THERE was a time, he recalls, when Tamworth dad Mick Langan told his sleeping two-year-old son that if he didn’t have it in him to fight anymore, it was OK.
His two late grandfathers “up there” would take care of him.
Little Cameron was in intensive care in Westmead Children’s Hospital with stage IV neuroblastoma, his body riddled with tumours and fighting off a serious infection after chemotherapy.
“I didn’t think he was going to make it through the night,” Mr Langan said.
“I said to him, ‘Mate, if it’s too much, both your grandfathers are up there; they’ll look after you. Shuffle off, mate, if it’s too hard’.”
Mum Anita Langan said Cameron and his medical team “spent weeks fighting that infection”.
“It was like, forget about the cancer ... it was full-on, concentrate on getting through this infection,” Ms Langan said.
But this is a story with a happy ending, and one they are sharing with the hope of giving hope.
Despite Cameron’s prognosis never being given as better than 50-50, that moment in the ICU was almost 10 years ago.
Today, he is a “typical 11-year-old” with two older sisters, Erica and Michaela, and a younger sister, Vanessa.
His days are filled with school, sport, family and video games, and he now wonders what all the fuss was about.
The Leader revisited the family during the intervening years: around his third birthday and when he started school in 2012.
This time, after another recent milestone they couldn’t possibly have imagined back then, his parents simply wanted to encourage others facing the same battle to keep the faith.
“If we can just reach out and say: ‘It’s bad, but all you’ve got to do is keep putting your foot on the floor in the morning, a gutful of hope, confidence in the medical team and the whole village of people that come to help you – if they can find some comfort and battle on for one more day because we did, and it turns out alright in the finish – so be it,” Mr Langan said.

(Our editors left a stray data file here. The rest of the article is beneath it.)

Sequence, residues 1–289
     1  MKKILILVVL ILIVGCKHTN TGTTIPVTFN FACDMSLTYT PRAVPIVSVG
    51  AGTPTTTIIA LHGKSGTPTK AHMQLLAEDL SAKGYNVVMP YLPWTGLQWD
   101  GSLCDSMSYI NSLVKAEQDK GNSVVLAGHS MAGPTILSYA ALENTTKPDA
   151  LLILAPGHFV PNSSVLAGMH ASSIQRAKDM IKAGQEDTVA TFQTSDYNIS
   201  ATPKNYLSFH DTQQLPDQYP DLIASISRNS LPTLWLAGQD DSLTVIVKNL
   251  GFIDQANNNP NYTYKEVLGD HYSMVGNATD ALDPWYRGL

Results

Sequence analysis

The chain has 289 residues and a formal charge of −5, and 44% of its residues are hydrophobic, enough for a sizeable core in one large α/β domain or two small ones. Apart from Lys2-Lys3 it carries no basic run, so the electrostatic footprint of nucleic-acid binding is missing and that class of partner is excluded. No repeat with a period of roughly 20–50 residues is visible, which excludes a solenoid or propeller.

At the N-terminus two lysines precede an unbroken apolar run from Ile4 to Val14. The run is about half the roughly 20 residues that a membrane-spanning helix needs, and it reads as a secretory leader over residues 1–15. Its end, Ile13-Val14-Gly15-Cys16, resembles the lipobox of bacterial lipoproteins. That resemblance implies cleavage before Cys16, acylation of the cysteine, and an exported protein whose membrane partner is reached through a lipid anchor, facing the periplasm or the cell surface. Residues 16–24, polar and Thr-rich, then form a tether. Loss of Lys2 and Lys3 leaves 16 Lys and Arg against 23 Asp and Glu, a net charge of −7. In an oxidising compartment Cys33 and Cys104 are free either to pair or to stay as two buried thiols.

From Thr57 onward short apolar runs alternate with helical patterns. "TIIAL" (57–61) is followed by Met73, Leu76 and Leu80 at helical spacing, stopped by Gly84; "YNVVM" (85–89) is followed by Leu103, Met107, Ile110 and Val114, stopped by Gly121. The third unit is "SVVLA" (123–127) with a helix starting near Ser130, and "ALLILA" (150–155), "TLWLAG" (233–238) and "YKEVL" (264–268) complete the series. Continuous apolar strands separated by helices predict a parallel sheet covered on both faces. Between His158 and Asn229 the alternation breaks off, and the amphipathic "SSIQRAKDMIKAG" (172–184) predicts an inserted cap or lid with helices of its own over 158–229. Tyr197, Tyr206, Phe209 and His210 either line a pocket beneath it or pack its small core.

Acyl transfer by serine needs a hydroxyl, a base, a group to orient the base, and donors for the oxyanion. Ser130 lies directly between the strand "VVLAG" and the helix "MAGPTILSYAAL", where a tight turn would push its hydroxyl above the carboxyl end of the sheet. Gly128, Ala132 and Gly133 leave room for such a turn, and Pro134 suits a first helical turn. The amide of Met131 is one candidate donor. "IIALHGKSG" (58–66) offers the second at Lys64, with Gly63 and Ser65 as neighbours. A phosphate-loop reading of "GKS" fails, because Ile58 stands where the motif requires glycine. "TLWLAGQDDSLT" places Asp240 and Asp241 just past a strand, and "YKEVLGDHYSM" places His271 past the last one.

He was quick to add that “thousands of people” had helped them all come through it.
“That’s the other thing that I got out of all this: when you end up in a really bad spot, there are any number of people that are just ready to give you hand.”
Ms Langan said they had been “overwhelmed by it, especially in the beginning”.
“The amount of gifts that would come in the mail each day, we would actually cry sometimes … or just a card with the supportive words that you needed to hear would touch you so deeply.”
Mr Langan said he often had moments when it hit him how far they’d come – and the most recent of them was their latest effort to “give back”.
He, Cameron and Michaela recently completed a 25km bike ride to raise money for MS Queensland.
“Kids are a pretty tough breed … a seemingly heartbreaking story can have a good ending – it just might take a few years,” he said.
“As I cycled behind him, I thought back to the days when I didn’t think he would make it. And I smiled – the proud father smile.”
Sign up for our newsletter to stay up to date.